How To Clean Your Vagina After Sex, Because They Just Don't Teach You The Useful Things In School - INDJOBSGROUP

Thursday, January 2, 2020

How To Clean Your Vagina After Sex, Because They Just Don't Teach You The Useful Things In School

How To Clean Your Vagina After Sex, Because They Just Don't Teach You The Useful Things In School
Best tips on how to tap into your sexual potential and troubleshoot when things aren’t going your way in the bedroom. But what about finding solutions to those stressful sexual health situations that inevitably crop up when you’re getting down? Emma Kaywin, a Brooklyn-based sexual health writer and activist, is here to calm your nerves and answer your questions. No gender, sexual orientation, or question is off limits, and all questions will remain anonymous. This week’s topic: how to clean your vagina after sex.
Q: I just start having sex a year ago. I really like it — but sex with men is so messy! I’ve been taking a shower immediately after sex and scrubbing my vulva and inside my vagina to get rid of the mess down there, but my friends say I’m a clean freak and I don’t need to do that. Do I need to clean up my vagina after sex, and if so, how?
A: My middle school health teacher used to say that “it’s the slippery juices that make sex feel good” (I was lucky and grew up in Berkeley), and when I became sexually-active, I had to admit that he was for sure correct about that. But all that vaginal self-lubrication, any synthetic lube you may add, and semen (if you have sex without a condom to catch that stuff) do add up to something of a mess in the vagina afterwards. What to do?
I’ll come right out and say it: In the vast majority of circumstances, you don’t  need to clean your vagina after sex. Your body made that vaginal fluid all by itself, so having it up in there isn’t going to hurt you. It’s similarly totally natural to have semen in your vaginal canal — that’s, like, its dream location.
In fact, as I've written about before, you actually don’t need to clean your vagina at all — it’s a self-cleaning entity! You know that stuff that ends up in your panties all the time called vaginal discharge? That’s your body’s way of cleaning out anything that shouldn’t be up in your vagina — which includes semen and lube, along with any bacteria or other things that got up in there during daily life.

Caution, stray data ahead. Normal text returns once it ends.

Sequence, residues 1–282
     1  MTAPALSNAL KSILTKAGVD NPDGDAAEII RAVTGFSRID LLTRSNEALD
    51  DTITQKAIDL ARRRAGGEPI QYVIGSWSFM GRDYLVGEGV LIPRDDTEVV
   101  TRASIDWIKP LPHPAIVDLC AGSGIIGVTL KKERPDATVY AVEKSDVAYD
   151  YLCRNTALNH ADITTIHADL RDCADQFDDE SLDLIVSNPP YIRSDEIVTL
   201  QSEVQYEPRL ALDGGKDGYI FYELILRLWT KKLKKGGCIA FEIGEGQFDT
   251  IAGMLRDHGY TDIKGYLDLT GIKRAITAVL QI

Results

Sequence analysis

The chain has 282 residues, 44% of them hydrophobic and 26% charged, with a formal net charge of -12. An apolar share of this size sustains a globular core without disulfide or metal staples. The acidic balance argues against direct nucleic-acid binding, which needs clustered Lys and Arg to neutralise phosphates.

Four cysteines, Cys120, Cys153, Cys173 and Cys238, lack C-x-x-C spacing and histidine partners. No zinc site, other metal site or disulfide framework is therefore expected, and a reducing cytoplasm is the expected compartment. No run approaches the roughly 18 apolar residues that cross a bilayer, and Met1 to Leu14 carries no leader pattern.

This is true most of the time. However, as most people with vaginas will attest, it’s not that difficult to get out of balance down there. In these cases, adhering to some prevention practices is a good idea. Here are the main ways it’s a good idea to pay attention to the post-sex cleanup of your most tender of parts.
Dry Off Your Vulva And Labia
This is a big one if you are prone to yeast infections. Your vagina is happiest and healthiest when it’s dry. In contrast, yeast (which lives in your vagina all the time, along with a number of other healthy bacteria) likes warm, wet places. The fact of the matter is that your vagina is always going to be warm, so you have to help it out by not leaving it super-wet. Keeping your vagina dry helps prevent a yeast infection, so that you don’t end up itchy as hell with clumpy vaginal discharge.
If you get yeast infections often, you may already know to wear cotton panties(because cotton is breathable and stays dry) and not to stay in your wet swimsuit for a long time after you get out of the ocean or pool. Well, similarly, if you put your dripping vulva and labia (vaginal lips) right back into panties, you could be giving your naturally-occurring vaginal yeast exactly what it needs to take over and cause you discomfort! So it’s a good idea to pat yourself dry after sex.

Always Pee After Sex

This is specifically to clean out your urinary tract to protect you against urinary tract infections (UTIs), which can be very painful and dangerous if not treated. The best way to prevent a UTI is to pee after sex. This is because during sex, bacteria can end up in your urethra (the tube you pee out of). This is totally natural and normal and not something to stress about, but good self-care after sex includes peeing so that you can flush out any wayward bacteria.
Peeing also flushes out a lot of the sex juices you will have accumulated in your vagina during intercourse (and wiping yourself after will take care of the rest). So if you don’t enjoy that squelchy feeling that comes from having lots of lube and semen up in there, peeing (and letting gravity help you out over the toilet) is a great way to deal with that. You can also use a bidet (like the Tushy) to get up in there a bit more for a deeper, squeakier clean.

If You Do Shower, Don’t Wash With Scented Soaps

While it's not necessary, some people do like to feel clean after they get it on (I mean sex can make you sweaty all over, it’s not just about your vagina) and may want to shower or bathe afterwards. To each their own!